How to spot odometer rollback

You have your eye on a low-mileage used car that looks like a great deal. But is it really what they claim it is? The odometer reading has a lot to do with the value of a car, and it says a lot about the life it has had so far. It’s important to check out the story it is telling you.

Many people think that today’s electronic odometers are harder to rollback, but that is simply not true. It some ways, it is even easier than it ever was. And the financial incentive to do so makes it very temping. Here’s how you can tell if it was done to that car you have your eye on.

Too good to be true?

The first sign that you may be looking at a car with its odometer rolled back is if the mileage is simply too low. An average car has 12,000 miles put on it per year, so any car being offered with less than that should immediately be considered suspect.

Of course, some people put many more miles than that on a car in a year, and those are the cars which are most tempting to rollback. It is important to look for wear. Ignition wires are often a good indicator, although they are easy enough to replace. Tires are also a common wear indicator, if you can get a complete history.

A trusted mechanic can probably give you an indication of how many miles are on a car right away. If that estimate is very different from the odometer the car is not quite what you thought. Even if it was not rolled back, it may be a sign that it had a very hard life.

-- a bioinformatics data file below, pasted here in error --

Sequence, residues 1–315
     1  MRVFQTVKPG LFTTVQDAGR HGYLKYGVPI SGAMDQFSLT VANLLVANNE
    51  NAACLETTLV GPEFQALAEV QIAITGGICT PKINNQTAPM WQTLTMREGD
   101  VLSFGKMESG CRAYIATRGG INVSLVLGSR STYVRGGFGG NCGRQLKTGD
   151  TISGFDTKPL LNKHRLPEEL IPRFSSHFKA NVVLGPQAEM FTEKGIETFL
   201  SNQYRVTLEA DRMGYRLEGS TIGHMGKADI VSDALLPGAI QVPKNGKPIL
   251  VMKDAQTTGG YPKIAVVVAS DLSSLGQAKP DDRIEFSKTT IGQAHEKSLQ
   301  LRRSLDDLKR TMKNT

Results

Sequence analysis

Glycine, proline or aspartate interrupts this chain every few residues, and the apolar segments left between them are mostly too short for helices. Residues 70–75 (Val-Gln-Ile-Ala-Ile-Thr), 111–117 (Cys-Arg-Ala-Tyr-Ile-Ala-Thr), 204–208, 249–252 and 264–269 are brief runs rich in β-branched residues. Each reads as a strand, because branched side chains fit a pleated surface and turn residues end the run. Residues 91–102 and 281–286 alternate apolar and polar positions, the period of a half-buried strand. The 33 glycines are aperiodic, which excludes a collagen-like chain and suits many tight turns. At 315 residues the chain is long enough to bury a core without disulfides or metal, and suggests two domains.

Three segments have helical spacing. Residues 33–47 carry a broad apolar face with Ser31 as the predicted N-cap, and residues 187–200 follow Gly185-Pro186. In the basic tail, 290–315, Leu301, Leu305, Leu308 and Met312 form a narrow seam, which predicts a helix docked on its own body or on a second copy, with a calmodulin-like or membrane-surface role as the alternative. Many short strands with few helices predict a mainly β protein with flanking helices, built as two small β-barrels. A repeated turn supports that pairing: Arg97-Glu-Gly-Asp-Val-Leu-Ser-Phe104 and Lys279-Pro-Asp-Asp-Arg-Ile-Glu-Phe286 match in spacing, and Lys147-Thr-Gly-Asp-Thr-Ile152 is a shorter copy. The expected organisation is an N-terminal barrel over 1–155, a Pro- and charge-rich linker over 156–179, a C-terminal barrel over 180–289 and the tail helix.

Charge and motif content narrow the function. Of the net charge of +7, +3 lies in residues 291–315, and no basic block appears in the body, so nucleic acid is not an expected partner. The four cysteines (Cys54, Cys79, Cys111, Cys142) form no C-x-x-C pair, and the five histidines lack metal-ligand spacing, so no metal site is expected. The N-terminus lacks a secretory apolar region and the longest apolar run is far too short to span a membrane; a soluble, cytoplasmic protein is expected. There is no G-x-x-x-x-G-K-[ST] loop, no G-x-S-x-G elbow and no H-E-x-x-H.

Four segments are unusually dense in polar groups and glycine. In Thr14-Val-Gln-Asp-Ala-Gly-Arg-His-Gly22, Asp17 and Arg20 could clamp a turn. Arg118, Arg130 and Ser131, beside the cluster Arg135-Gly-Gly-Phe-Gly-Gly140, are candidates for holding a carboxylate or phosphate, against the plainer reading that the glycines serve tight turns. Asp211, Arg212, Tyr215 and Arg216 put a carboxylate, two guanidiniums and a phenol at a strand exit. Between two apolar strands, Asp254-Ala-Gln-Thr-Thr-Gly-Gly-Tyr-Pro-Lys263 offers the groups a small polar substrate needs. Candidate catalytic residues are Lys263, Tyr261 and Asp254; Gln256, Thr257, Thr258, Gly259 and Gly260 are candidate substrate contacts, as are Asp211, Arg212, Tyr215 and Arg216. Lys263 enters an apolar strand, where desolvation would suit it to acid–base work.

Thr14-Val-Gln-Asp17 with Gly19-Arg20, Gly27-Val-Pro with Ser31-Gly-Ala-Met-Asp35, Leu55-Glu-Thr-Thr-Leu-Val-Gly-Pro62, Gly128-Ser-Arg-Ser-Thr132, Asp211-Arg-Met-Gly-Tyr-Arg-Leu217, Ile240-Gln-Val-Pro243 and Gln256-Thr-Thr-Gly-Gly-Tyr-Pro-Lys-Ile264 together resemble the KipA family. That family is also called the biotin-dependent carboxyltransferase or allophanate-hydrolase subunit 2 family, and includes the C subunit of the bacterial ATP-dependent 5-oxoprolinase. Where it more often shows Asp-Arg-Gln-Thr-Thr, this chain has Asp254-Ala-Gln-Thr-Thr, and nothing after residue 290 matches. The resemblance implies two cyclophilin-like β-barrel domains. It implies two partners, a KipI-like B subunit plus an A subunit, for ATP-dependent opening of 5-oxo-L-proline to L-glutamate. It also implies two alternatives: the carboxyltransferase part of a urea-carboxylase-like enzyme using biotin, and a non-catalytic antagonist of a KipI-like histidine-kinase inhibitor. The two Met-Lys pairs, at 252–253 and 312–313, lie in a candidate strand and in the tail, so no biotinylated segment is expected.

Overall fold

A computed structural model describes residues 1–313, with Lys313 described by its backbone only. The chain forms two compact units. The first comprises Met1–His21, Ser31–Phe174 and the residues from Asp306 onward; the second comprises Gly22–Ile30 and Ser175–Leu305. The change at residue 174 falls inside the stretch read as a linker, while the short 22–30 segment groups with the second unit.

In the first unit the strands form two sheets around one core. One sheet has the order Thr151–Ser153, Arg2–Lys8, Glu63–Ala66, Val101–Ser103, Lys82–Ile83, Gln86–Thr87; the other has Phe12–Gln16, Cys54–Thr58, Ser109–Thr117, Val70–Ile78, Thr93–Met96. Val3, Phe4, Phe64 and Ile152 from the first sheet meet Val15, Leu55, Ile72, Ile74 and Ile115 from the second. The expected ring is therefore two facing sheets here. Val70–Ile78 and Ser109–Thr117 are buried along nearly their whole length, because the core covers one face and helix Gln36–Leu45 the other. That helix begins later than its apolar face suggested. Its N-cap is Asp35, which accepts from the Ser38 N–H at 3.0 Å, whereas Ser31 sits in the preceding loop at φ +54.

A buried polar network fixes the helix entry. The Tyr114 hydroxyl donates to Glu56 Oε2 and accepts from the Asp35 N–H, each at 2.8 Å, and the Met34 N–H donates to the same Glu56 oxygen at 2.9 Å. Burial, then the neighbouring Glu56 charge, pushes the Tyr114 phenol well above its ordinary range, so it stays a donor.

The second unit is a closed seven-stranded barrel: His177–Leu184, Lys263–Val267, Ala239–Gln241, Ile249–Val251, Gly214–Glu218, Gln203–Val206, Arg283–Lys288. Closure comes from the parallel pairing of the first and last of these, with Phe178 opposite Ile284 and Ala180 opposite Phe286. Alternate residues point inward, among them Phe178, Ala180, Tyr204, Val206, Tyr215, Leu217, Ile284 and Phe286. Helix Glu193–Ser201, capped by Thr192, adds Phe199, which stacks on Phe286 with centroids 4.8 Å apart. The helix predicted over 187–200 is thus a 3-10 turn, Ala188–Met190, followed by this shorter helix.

Check the history

Before you buy any used car, it is absolutely critical that you check the history with either CarFax or AutoCheck. These sites will report any time that there was maintenance performed on the car by a certified mechanic, such as at a dealership.

The odometer should be logged each time the vehicle was serviced, so this will give you a complete record of not just the miles on it but how they were put on. If you see a number higher than what is currently on the vehicle’s odometer, you may be looking at a rollback.

Already purchased?

If you bought a car that may have been rolled back, or is starting to need repairs that suggest it has more miles on than reported, you should have a mechanic check it out with this in mind. It’s also good to pull the reports and study them carefully. Odometer rollback fraud is far more common than most people think.

If you discover that there is something not right, have a conversation with an experienced auto dealer fraud attorney about your situation. It may be worth your while to take action against the dealer who sold you the car which is not what they said it is.

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